Caring Currents

Diabetics and Families Rethink Avandia

Last updated:

February 24, 2010
Avandia for diabetes

If you or someone you're caring for has diabetes that you control with medication, you may be a bit worried and confused right now. And rightly so.

With The New York Times leading the way, the news media went crazy this week over the government's report that the diabetes drug Avandia can cause heart attacks and other heart problems. Apparently this very serious risk has been known for three years -- since a nationally respected cardiologist blew the whistle on the drug -- but the news didn't get much attention until the Senate released a report showing Avandia increases the risk of heart attacks by 43 percent.

The Food and Drug Administration (FDA), which is in the hot seat for being slow to respond to initial warnings, announced it's holding a hearing but didn't recommend that diabetics need to switch drugs right away, though they might want to "talk to their doctors."

I've got to say, this is a bit wimpy on the part of the FDA. The numbers are quite dramatic, after all; one study found that between 1999 and 2007, Avandia caused 83,000 heart attacks - heart attacks that, it appears, didn't need to happen.

This would be bad enough, but the week before, another study found that Avandia and a similar drug, Actos, increase the risk of fracture in older women. This research, conducted at Henry Ford Hospital, was released more quietly last week, but it's no less important.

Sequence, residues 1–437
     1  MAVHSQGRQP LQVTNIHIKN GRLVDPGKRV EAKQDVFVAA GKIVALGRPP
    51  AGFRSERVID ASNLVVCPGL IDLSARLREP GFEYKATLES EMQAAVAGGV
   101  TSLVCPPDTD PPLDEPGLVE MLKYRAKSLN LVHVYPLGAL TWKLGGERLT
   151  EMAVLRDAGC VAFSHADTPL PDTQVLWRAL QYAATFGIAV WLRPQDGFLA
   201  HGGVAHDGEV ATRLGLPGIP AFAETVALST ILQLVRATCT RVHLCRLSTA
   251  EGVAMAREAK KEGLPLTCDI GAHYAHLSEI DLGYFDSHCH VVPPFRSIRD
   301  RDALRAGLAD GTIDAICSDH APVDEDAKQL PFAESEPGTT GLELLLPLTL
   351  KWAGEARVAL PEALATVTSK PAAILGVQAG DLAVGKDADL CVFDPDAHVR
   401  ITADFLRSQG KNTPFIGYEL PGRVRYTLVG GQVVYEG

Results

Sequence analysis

Women who took thiazolidinedione (TZD), the chemical name for Avandia, were 50 percent more likely to break a bone than patients not taking TZDs. Unfortunately, though, Avandia is not the only TZD. Actos, another extremely popular diabetes drug, is also a TZD and was also found to increase bone fracture risk by 50 percent.

So if you or someone close to you has diabetes, what do you do?

If it were me, I'd call my doctor right away, and spend some time going over all the medication options available to control insulin and regulate diabetes. Alternative medications include:

"¢ Symlin
"¢ Januvia
"¢ Byetta
"¢ Glucotrol and Glucotrol XL
"¢ Micronase
"¢ Diabeta
"¢ Amaryl
"¢ Glucophage
"¢ Precose
"¢ Glyset

If you and your doctor decide Avandia or Actos remains the best drug to use, one solution is to be closely monitored for side effects.

Keoki Williams, the doctor who conducted the fracture study, issued a statement saying that those taking Avandia and Actos should request screening for bone loss and might want to take a preventive medication to protect against bone loss. You'd also want to have your heart health closely monitored as well.

If you're caring for someone taking Avandia or Actose or taking one of these drugs yourself, share your stories and tips here, and perhaps we can help one another get better care.